NFL players stand at a crossroads following the league's announcement that they must stand for the national anthem if they are on the sideline. As athlete activists consider their next move, they should appreciate that while their advocacy for criminal justice reform and racial equality is working, a shift in tactics is needed to have greater impact.
It is true that the new NFL policy curtails players' freedom of speech, Colin Kaepernick and now Eric Reid are being blackballed for their roles in initiating the demonstrations, and more important, African Americans remain subject to racial discrimination at the hands of law enforcement. However, NFL player protests have raised awareness among a broad group of Americans, brought together disparate groups on behalf of criminal justice reform, and demonstrated that athletes can exercise pressure on team owners and the league.
Racial equality and aspects of criminal justice reform are now being discussed at every level throughout the country, from elementary school students taking a knee to the owner of the Sacramento Kings committing to support the Build.Black.Coalition after the shooting of Stephon Clark. Undoubtedly, the positions and policies of the Trump administration have triggered a heightened level of consciousness, yet the NFL protests have certainly raised awareness.
It is also significant that player protests have captured the attention of the White House. The president may consider his attacks on NFL players a way to stoke his base. However, each of his racist, misogynist, and xenophobic comments brings together advocacy groups, activists, and individual citizens from Parkland, Fla., to Chicago. These coalitions are working towards local change, yet they are seizing national attention and support in their opposition to the president as he unintentionally lends them his social media platform.
Further, in a reversal of power dynamics, team owners and league officials find themselves scrambling in response to the player protests. After contentious meetings, owners have agreed to support $90 million of programs that advance social justice issues through 2023, and this most recent announcement comes across as a panicked attempt to preempt damage next season. Owners have drawn the conclusion that it was the player protests that led NFL ratings to drop about 10 percent last year and have unwittingly ceded power to the players. In reality, that downturn was surely impacted by factors that included injuries to star players and the data now available about the effects of concussions.
So, as athlete activists consider what's next, they should remember that they were never going to kneel their way to bail bond reform or the elimination of mandatory federal sentencing. Rather, with this administration, criminal justice reform will occur through policy changes at the local level and cultural change at the grassroots level, i.e. the election of reform-minded candidates in November and the creation of new relationships between law enforcement and people of color at the community level.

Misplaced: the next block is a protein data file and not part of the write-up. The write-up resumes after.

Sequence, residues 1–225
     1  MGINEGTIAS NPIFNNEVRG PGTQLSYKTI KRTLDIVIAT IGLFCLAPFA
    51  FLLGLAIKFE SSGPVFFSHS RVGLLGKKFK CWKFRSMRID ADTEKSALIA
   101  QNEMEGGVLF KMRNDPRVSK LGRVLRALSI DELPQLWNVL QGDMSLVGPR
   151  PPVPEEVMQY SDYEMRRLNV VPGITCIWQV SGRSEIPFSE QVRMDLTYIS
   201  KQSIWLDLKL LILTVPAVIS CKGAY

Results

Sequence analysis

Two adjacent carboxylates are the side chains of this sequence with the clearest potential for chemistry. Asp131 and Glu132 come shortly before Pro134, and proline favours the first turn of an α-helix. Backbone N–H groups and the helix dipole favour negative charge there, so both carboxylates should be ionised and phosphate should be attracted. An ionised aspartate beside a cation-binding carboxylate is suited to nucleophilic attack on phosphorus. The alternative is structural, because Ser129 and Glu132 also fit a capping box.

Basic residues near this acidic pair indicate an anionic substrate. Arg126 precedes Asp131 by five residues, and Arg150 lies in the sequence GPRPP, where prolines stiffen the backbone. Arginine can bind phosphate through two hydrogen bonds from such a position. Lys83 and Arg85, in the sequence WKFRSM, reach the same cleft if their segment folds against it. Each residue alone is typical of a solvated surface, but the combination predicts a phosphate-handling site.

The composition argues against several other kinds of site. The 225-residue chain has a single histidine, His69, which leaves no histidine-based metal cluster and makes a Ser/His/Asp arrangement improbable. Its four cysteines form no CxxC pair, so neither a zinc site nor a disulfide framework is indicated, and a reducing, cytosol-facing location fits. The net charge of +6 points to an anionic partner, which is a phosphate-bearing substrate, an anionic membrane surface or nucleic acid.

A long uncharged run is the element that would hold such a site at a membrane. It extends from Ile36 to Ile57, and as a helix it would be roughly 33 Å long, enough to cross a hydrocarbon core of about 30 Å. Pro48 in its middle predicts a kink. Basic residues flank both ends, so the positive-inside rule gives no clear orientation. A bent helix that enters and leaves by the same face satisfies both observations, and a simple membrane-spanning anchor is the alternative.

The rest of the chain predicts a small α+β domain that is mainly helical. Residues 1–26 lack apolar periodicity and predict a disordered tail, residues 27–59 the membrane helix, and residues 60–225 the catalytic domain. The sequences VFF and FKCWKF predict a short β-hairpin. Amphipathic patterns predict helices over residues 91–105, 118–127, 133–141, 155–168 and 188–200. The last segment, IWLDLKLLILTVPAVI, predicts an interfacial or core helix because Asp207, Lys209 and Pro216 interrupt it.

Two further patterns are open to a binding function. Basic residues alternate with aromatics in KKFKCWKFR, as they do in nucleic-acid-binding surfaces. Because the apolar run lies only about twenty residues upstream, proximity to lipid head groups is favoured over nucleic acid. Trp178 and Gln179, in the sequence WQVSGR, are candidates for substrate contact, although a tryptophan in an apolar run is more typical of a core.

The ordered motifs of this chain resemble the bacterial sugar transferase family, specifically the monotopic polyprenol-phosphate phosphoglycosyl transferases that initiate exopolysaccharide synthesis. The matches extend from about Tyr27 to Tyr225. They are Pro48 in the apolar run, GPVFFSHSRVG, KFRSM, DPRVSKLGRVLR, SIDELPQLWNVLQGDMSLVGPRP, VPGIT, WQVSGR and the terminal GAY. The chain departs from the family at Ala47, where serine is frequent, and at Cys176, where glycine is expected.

While players will feel a natural urge to counter this latest NFL edict with single-act defiance, there are at least three other ways to more effectively initiate change.
First, players should keep their message sharp and articulate key points about the need for criminal justice reform at every opportunity. Players should speak to specific issues, cite statistics, and introduce personal anecdotal evidence on social media, at football camps, in public appearances, and in post-game interviews.
Second, players should focus on their team communities and hometowns. They should lobby elected officials, from senators to district attorneys; endorse candidates who align on the issues; and support voter registration drives and get-out-the-vote campaigns. In particular, players should seek out alliances with local organizations and initiatives that support veterans, from suicide prevention to helping the homeless. Supporting veterans is universally considered a decent thing to do, and it undercuts the bait-and-switch patriotic angle that is currently being used against NFL players.
Third, players should demand more from team owners and the league. Owners need to do more within their networks if they want to avoid end zone re-enactments of John Carlos' black power salute in Mexico City. Specifically, they should join players in meetings with congressional representatives and support real criminal justice reform. A current target of opportunity is the prison reform bill that now sits in the Senate and that does not eliminate mandatory sentencing for drug offenses. In addition, $90 million for social justice programs falls short; the league was expected to reach $14 billion in revenue last year. In every NFL city, the league should support a consistent portfolio of grants and programs that change relationships between law enforcement and underserved communities.
Grassroots-led social change is born through holding the moral high ground and persuading a critical mass to join the movement. At this stage, NFL activists' push for criminal justice reform relies on players remaining focused on why they chose to kneel in the first place and engaging in tactics that match this current situation.